Mis Using Inheritance

Using inheritance to utilize base class members even when there is no clear 'type of' relationship.

Why is this misusing inheritance? If access is needed to base class members, why not provide it?

Consider the following PseudoCode

  class Bird {
    virtual fly() { flapWings(); }
    virtual feed { digForGrubs(); } 

class Pig extends Bird { virtual feed { super.digForGrubs(); rootForTruffles(); } }

Pig p = new Pig();

p.feed(); // okay p.fly(); // pigs fly?!!?

You might consider this overly contrived, but I have seen cases in real code that were nearly as nonsensical.

I interpreted it as using trees when the change-pattern is not really tree-shaped, or classic "subtyping" is just not appropriate. (See links below.)

Isn't this merely bad class definition? I am not sure how this is anything that is peculiar to Inheritance.

This is using inheritance to get the superclass behavior when there is no clear type-of relationship. It really does happen that programmers who are unfamiliar with inheritance would not see this as a bad class definition because they see that Pig and Bird both feed and they need something on Bird. The inexperienced programmer may think in terms of type-of feeding (A Pig is a type-of thing that feeds by digging for grubs) and not see the larger picture that a Pig is not a subclass of Bird. Granted, this is extremely contrived, but there are real cases where a programmer has subclassed a totally inappropriate parent just to get some behavior. Perhaps refactoring, (class Grubfeeder?), composition, and delegation need to be stressed more in OO design. -- StevenNewton

java.util.Stack is a very good example of this. It inherits from Vector, because it "needs" certain implementation details from Vector. But a stack is not a vector at all, and this means you can randomly access elements of the stack.

It's really a language smell, because Java couples ImplementationInheritance and interface inheritance. You can have the latter without the former (through interfaces), but you can't have the former without the latter. SmallTalk has the same problem, but it's less evident because "private" is just a convention in SmallTalk. C++ gives you private inheritance, where you'd get digForGrubs() but wouldn't expose fly() or feed() to other classes. And the issue doesn't even come up in CommonLisp/Dylan/Cecil, because methods there don't belong to classes. -- JonathanTang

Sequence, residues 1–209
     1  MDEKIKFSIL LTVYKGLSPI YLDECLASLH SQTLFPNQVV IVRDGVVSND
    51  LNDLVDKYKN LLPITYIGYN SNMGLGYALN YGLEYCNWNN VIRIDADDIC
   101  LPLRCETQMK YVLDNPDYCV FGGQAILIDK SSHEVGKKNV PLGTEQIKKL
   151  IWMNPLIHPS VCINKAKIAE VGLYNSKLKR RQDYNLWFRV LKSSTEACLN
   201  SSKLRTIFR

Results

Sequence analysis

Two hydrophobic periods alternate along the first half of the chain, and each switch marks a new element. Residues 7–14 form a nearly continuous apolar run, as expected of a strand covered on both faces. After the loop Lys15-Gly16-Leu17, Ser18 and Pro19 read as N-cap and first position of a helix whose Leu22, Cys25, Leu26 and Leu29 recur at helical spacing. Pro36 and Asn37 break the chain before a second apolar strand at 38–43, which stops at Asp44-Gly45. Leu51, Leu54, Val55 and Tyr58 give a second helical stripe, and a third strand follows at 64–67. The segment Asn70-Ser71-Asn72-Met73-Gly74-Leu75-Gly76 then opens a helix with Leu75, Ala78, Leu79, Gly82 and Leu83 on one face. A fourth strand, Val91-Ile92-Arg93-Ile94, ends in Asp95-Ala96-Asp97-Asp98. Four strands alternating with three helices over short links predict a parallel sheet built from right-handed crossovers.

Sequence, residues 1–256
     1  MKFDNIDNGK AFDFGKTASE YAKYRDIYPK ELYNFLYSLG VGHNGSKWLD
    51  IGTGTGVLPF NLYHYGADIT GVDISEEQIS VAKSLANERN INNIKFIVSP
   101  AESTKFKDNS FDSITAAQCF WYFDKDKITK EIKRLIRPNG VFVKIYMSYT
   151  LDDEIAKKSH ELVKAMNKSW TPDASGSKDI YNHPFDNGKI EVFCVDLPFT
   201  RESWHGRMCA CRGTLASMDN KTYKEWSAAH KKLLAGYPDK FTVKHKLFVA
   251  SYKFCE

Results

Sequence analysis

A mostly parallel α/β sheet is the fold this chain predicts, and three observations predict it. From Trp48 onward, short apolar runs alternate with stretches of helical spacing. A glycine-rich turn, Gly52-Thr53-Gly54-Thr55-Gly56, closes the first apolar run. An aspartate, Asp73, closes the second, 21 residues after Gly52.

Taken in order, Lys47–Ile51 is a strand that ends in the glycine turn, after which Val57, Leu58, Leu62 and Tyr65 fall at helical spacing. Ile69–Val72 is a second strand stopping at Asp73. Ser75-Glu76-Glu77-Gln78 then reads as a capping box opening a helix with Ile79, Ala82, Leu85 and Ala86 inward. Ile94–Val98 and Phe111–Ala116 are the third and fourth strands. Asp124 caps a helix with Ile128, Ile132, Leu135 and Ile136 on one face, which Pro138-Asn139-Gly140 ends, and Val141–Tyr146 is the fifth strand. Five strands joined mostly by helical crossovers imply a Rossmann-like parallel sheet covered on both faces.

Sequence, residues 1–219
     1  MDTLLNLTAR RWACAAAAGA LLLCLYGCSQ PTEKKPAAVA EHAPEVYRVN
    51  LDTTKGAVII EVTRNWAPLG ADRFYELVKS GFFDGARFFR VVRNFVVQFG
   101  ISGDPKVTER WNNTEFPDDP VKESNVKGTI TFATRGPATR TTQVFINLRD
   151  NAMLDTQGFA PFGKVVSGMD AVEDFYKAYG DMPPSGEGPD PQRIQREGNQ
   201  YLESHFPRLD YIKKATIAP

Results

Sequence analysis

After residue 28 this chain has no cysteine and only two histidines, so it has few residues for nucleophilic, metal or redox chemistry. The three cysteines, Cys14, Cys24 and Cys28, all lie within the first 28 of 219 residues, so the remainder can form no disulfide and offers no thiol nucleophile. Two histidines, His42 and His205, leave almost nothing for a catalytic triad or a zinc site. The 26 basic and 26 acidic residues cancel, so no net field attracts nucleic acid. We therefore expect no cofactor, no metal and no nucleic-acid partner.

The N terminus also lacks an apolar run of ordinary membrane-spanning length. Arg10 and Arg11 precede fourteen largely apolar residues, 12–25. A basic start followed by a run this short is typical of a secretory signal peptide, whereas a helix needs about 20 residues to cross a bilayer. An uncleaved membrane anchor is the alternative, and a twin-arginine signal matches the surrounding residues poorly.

I sometimes find "sets" useful for these kinds of things. They both belong to the set of "Grubfeeder" in this example. Sets are not as rigid as hierarchies, and thus perhaps require less up-front planning because of that. I also question whether MultipleInheritance is a satisfactory solution for giving us good set management. For one, sets can return "multiple hits", while MI is usually limited to just one.

The example does not support the premise. The premise was "Using inheritance to utilize base class members ..." while the example concerned overriding base class methods. What is intended to be discussed here?

Oh my, I thought it was something most third-generation heirs were prone to do with Granddad's money ...

Oh, you mean investing it on www.petfood.com? :-)
Another example that I see more often:

  class Animal {
    virtual bool feed() { chew(); swallow(); return true;} 
    virtual bool fly()  { flap(); return true; }
    virtual bool swim() { dive(); surface(); return true; }

class Pig : public Animal { virtual bool fly() { return false;} // A pig is an animal that can't fly };

class Bird : public Animal { virtual bool swim() { return false; } // A bird is an animal that can't swim };

class Penguin : public Bird { // Shoot; in version 3.1 we have to support penguins?! virtual bool swim() { dive(); return true; } // Restore original behavior virtual bool fly() { return false; } // Current rev of penguin crashes when it flies // don't know why, so disable it };

And then we wonder why our penguins keep drowning in the field. --TimLesher

See Also: ClassicOoAntiPatterns, LimitsOfHierarchies, ThereAreNoTypes, DeltaIsolation, LiskovSubstitutionPrinciple

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